Graze vs Shepherd - What's the difference?

graze | shepherd |


As a noun graze

is the act of grazing; a scratching or injuring lightly on passing.

As a verb graze

is to feed or supply (cattle, sheep, etc) with grass; to furnish pasture for.

As a proper noun shepherd is

.

Other Comparisons: What's the difference?

graze

English

Noun

(en noun)
  • The act of grazing; a scratching or injuring lightly on passing.
  • A light abrasion; a slight scratch.
  • Verb

    (graz)
  • To feed or supply (cattle, sheep, etc.) with grass; to furnish pasture for.
  • * Jonathan Swift
  • a field or two to graze his cows
  • * 1999:' Although it is perfectly good meadowland, none of the villagers has ever '''grazed animals on the meadow on the other side of the wall. — ''Stardust , Neil Gaiman, page 4 (2001 Perennial Edition).
  • (ambitransitive) To feed on; to eat (growing herbage); to eat grass from (a pasture); to browse.
  • Cattle graze in the meadows.
  • * Alexander Pope
  • The lambs with wolves shall graze the verdant mead.
  • * 1993 , John Montroll, Origami Inside-Out (page 41)
  • The bird [Canada goose] is more often found on land than other waterfowl because of its love for seeds and grains. The long neck is well adapted for grazing .
  • To tend (cattle, etc.) while grazing.
  • * Shakespeare
  • when Jacob grazed his uncle Laban's sheep
  • To rub or touch lightly the surface of (a thing) in passing.
  • the bullet grazed the wall
  • * 1851 ,
  • But in that gale, the port, the land, is that ship’s direst jeopardy; she must fly all hospitality; one touch of land, though it but graze the keel, would make her shudder through and through.
  • To cause a slight wound to; to scratch.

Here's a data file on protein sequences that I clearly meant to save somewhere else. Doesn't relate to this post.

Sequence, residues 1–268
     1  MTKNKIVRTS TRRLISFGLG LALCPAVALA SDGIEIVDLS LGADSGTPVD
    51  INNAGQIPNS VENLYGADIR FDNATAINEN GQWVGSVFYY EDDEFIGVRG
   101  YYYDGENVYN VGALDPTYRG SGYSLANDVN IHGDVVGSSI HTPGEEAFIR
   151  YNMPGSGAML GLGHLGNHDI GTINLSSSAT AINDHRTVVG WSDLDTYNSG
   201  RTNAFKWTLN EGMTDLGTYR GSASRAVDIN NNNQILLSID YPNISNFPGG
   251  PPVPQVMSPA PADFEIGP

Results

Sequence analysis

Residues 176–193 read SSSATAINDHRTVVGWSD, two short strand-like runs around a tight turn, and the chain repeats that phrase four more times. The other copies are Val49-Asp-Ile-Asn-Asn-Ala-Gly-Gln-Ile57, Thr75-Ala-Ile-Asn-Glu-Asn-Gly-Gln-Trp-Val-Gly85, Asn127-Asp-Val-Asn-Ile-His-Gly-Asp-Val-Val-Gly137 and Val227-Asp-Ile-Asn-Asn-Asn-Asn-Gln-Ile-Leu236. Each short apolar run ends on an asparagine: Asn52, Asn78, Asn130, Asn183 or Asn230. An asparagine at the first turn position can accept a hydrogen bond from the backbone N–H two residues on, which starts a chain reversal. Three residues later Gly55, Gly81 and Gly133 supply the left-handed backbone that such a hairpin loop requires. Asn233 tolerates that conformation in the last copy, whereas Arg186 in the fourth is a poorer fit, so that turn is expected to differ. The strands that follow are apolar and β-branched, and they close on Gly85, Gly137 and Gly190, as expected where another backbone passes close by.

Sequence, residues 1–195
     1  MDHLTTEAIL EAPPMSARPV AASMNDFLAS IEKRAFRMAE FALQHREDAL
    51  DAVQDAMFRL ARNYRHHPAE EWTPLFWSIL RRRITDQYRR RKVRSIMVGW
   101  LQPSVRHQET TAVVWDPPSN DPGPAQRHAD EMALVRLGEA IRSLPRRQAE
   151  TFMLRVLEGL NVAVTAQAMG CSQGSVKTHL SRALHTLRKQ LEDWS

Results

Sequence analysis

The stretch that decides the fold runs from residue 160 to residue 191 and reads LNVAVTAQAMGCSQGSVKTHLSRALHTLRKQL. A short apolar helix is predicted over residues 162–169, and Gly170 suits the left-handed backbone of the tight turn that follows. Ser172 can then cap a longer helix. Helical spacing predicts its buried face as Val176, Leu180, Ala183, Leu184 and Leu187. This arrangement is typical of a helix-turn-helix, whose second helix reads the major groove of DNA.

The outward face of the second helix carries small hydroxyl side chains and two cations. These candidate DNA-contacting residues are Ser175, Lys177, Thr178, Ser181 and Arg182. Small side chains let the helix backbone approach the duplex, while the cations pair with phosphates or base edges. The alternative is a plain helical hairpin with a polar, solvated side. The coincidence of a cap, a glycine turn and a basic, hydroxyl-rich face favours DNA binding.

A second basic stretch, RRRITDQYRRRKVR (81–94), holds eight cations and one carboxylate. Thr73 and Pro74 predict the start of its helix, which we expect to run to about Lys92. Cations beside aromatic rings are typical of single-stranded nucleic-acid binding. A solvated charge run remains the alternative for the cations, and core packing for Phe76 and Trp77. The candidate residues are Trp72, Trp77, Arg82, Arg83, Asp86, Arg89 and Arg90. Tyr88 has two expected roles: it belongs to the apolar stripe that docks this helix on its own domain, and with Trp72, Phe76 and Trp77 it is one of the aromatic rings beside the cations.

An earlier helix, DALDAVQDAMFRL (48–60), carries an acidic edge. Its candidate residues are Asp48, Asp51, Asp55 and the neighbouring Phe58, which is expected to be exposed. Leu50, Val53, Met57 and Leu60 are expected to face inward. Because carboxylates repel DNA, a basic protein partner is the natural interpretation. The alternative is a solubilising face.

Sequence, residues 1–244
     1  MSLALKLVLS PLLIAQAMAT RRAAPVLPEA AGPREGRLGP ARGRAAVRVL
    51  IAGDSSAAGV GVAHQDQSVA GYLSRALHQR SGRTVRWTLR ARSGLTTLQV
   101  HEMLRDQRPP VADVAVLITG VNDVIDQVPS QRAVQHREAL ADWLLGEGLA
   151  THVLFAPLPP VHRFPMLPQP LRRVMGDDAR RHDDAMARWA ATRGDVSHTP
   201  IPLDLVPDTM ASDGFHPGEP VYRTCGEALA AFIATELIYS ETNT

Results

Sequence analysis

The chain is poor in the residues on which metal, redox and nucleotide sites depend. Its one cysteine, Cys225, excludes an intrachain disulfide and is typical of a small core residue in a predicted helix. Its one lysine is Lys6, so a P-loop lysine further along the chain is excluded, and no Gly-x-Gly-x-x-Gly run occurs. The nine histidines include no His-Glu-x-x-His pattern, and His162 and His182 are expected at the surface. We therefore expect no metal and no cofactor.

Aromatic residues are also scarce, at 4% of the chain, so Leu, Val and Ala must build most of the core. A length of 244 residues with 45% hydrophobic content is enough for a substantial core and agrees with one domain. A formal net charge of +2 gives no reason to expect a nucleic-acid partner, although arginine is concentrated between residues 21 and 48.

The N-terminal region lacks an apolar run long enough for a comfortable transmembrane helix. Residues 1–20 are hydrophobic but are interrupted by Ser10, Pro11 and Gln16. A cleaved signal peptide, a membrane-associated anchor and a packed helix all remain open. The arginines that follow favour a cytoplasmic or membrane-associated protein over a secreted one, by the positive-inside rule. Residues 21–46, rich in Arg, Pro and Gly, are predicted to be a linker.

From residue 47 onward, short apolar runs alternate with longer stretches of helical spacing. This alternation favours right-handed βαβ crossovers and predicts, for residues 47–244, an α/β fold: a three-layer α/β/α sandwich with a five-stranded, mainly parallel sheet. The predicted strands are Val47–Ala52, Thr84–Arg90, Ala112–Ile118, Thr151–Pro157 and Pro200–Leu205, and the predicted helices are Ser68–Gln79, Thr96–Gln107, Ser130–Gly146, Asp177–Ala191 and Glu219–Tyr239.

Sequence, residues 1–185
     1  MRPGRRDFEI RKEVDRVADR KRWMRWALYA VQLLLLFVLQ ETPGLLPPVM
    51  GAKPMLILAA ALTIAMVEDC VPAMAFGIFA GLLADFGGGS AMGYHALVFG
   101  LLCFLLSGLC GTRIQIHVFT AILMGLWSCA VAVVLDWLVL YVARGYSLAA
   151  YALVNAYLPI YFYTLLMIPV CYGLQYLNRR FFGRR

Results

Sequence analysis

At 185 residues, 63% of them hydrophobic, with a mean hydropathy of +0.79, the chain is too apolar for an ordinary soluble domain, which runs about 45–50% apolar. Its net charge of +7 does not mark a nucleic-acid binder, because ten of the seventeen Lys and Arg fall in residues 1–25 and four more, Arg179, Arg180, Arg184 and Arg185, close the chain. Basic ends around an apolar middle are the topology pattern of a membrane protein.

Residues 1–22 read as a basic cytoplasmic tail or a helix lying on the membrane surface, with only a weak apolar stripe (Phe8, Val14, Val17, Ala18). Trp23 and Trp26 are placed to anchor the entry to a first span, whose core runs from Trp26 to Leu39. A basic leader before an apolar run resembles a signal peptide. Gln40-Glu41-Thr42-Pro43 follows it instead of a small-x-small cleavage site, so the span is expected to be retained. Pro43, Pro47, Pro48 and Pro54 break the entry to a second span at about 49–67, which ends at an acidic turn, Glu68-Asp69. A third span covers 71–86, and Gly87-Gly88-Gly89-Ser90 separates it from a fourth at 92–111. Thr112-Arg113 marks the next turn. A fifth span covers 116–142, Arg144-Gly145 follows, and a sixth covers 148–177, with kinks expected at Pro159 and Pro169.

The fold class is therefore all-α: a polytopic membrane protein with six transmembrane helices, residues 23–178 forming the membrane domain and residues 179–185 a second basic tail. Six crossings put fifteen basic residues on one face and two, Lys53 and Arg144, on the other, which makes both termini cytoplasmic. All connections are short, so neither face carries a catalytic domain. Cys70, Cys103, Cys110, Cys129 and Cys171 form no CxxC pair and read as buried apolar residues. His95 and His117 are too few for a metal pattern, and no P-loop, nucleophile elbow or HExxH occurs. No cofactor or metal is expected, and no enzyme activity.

• to graze one's knee
  • To yield grass for grazing.
  • * Francis Bacon
  • The sewers must be kept so as the water may not stay too long in the spring; for then the ground continueth the wet, whereby it will never graze to purpose that year.

    Derived terms

    * overgraze

    Anagrams

    * ----

    shepherd

    English

    Noun

    (en noun) (wikipedia shepherd)
  • A person who tends sheep, especially a grazing flock.
  • *
  • *:It was April 22, 1831, and a young man was walking down Whitehall in the direction of Parliament Street. He wore shepherd' s plaid trousers and the swallow-tail coat of the day, with a figured muslin cravat wound about his wide-spread collar.
  • (lb) Someone who watches over]], [[look after, looks after, or guides somebody.
  • *1769 , Oxford Standard text, , 23, i,
  • *:The LORD is my shepherd ; I shall not want.
  • (lb) The pastor of a church; one who guides others in religion.
  • Synonyms

    * sheepherder

    Coordinate terms

    * shepherdess

    Derived terms

    * archshepherd, Archshepherd (Koine Greek: 5:4) * chief shepherd, Chief Shepherd * shepherd's crook * shepherd's pie * undershepherd

    Verb

    (en verb)
  • To watch over; to guide
  • (Australian rules football) For a player to obstruct an opponent from getting to the ball, either when a teammate has it or is going for it, or if the ball is about to bounce through the goal or out of bounds.